Restructuring your capital

As some of you may know, when I first left University, I took up work with a company called Field Associates. It was a small business which positioned itself in the market as a \’growth consultancy and business brokerage\’. What I came to learn was that this company handled a range of small business opportunities in everything from acquisitions and sales through to growth of revenue with a goal of eventual exit for an owner. To a recent graduate, it was an exciting role and gave me a range of experience with a lot of small businesses and an interesting look into the way they were structured.

From my time at business school, I had gained an understanding of different types of capital and financing which were available; everything from loans to common stock, but a lot of it seemed rather remote and theoretical until we came into contact with one business who was trying to re-structure their capital base.

The business was moderately successful, but had developed significant outgoings to a number of capital owners; when the recession hit, incoming revenue had started to dry up with the consequence that expenses were now starting to drain the company\’s reserves. When a liability from HMRC was incurred, the business suddenly found itself unable to make payment, and so a plan was needed to either reduce expenses or increases revenue to allow for repayment of the monies owed to HMRC.

Coming back to our company, I remember asking how we could reduce liabilities or increase revenue – surely we weren\’t about to propose some untried marketing scheme, and were unlikely to understand their market better than the owners of the company.

In response, my mentor asked me what I knew about capital structures – I replied that a business has a number of ways in which it can structure its capital base; two of the most commonly known are \’common shares\’ and \’loans\’. With the first of these, an investor gives cash to the company in return for equity, or partial ownership of said company, banking on the idea that their \’share\’ of the company will increase in value and that they will receive dividends, which are payments received from a share of any profit the company makes. With the latter, they provide cash in return for interest, but without an equity stake.

I was also vaguely aware of things called \’preferred stock\’ and \’bonds\’, although I had less of an idea what exactly these were, and I couldn\’t draw a line between these concepts and revenue in any meaningful way.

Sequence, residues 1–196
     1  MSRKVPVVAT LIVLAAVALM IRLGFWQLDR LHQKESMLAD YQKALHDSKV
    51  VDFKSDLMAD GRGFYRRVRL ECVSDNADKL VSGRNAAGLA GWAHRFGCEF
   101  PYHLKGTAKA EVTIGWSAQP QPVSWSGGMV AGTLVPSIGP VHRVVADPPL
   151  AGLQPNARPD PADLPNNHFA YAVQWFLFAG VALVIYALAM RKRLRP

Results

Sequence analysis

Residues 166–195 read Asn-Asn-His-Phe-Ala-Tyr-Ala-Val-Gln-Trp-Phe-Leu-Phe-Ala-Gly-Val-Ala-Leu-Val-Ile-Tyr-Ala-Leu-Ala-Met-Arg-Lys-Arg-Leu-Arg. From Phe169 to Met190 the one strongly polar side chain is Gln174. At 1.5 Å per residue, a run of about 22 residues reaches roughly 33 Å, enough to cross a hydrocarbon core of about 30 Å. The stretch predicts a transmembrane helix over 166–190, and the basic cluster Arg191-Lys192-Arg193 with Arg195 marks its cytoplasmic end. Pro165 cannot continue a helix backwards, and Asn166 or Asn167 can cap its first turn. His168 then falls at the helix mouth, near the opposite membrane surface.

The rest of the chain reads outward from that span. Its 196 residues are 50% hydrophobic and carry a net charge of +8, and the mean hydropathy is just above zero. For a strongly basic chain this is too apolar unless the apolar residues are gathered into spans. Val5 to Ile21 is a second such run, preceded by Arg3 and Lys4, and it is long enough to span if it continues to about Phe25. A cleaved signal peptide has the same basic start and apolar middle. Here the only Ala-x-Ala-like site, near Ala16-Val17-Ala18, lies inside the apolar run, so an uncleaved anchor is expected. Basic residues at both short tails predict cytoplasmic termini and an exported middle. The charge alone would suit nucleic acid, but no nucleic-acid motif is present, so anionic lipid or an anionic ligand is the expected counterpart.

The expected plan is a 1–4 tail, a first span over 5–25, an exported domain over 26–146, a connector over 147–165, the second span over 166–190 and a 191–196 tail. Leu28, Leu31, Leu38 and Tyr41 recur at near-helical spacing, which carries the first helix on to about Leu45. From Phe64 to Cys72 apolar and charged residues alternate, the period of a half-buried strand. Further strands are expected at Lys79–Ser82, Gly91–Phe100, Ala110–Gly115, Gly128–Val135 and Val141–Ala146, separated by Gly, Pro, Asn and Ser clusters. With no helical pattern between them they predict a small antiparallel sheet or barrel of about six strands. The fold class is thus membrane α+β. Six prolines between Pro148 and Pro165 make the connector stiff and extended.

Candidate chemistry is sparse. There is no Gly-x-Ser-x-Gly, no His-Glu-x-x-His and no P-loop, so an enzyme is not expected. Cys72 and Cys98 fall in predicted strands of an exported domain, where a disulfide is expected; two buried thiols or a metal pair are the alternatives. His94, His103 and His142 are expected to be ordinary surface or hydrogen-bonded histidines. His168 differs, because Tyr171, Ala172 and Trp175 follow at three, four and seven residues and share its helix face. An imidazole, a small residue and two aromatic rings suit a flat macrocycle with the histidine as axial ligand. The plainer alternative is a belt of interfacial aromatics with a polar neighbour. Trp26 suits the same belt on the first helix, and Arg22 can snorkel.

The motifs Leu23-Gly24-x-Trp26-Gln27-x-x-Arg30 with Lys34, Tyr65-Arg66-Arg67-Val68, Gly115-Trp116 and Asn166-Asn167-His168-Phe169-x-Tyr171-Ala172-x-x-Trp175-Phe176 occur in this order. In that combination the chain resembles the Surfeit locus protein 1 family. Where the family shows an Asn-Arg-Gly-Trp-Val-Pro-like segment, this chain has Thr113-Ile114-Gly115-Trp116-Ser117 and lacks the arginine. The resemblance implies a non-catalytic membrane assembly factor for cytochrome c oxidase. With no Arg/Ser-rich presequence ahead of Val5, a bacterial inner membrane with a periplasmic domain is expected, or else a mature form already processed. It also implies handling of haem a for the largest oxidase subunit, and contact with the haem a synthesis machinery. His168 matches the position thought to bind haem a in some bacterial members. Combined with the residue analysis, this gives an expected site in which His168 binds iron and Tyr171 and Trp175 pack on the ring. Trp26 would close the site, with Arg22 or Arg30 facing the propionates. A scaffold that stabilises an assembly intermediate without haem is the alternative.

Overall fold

To help clarify, my mentor asked me to picture a plane with four sections; First Class at the front of the plane, followed by Business, Standard and Cargo classes. This particular plane was different, in that it only had a single entrance through First Class. He asked me to imagine that this plane represented the business we were working with, and that each \’class\’ represented a different type of capital. First Class was Loans, Business Class was Bonds, Standard Class was Preferred Stock and Cargo Class was Common Stock.

In the event of the plan needing to ditch or the passengers needing to evacuate, the first people off the plane would be those closest to the door; those in First Class (individuals who had given loans to our client). Next off would be the Business Class, or bond holders, followed by Standard Class (Preferred Stock) and finally the cargo (or Common Stock holders).

Loans and Bonds provide no equity in a company in exchange for capital, but come with a guarantee of regular repayment. In the event of default, the creditor of the Loan or Bond is able to make claim upon assets held by the company in order to recoup their money. Preferred Stock is similar, but also comes with an equity stake in addition to a small regular payment. Common stock holders have equity, but are only entitled to dividends when voted for by the board, and so represent a smaller expense to maintain.

In the case of our client, my mentor pointed out that they could petition the holders of Bond and Preferred Stock to swap their securities in exchange for Common Stock. As the business was \’going down\’ – i.e, struggling to maintain their liabilities with the reduced income they now had, there was a very real change that they could be declared bankrupt. In this event, \’bail-outs\’ would be paid in the same order as people leaving our metaphorical plane – Loans are repaid first, followed by Bonds, Preferred Stock and finally Common Stock. If the value of the assets the business held were insufficient to repay all liabilities, there was a very real chance that many capital owners could end up losing parts (if not all) of their capital.

In order to reduce the risk of this eventuality, they could instead agree to swap their Bonds and Stock, reducing the outgoing payments and hopefully helping to stabilise the company and thus protect their original investment.

This was a lesson which spoke volumes to me, as I\’ve met a number of individuals over the years who have been unwilling to \’compromise\’ what they see as their right, and in doing so \’went down with the plane\’ rather than reduce their sense of entitlement. Being strong in the face of adversity is an important part of who I am, but being flexible in the face of a challenge is just as important. When a stubborn will meets an immovable conclusion, disaster is often the outcome; don\’t be afraid to change to stay in the game.

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